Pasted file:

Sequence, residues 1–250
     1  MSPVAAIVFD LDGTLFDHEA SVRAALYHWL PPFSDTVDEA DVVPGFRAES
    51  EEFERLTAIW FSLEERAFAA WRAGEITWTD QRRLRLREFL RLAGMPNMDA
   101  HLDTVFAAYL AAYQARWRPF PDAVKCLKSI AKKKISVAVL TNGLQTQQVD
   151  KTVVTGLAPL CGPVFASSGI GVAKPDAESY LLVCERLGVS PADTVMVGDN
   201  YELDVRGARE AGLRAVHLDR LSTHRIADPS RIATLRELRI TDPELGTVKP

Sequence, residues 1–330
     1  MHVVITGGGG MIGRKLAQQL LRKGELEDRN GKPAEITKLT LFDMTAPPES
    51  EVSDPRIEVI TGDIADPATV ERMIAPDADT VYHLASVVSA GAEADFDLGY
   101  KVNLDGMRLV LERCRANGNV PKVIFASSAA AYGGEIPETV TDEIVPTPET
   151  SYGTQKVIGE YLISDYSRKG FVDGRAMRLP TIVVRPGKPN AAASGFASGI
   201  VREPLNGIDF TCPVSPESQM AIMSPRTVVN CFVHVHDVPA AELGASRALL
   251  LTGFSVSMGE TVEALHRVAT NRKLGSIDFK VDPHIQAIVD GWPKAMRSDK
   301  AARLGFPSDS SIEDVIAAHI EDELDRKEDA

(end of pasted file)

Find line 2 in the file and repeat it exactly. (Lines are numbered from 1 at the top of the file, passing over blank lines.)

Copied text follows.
     1  MSPVAAIVFD LDGTLFDHEA SVRAALYHWL PPFSDTVDEA DVVPGFRAES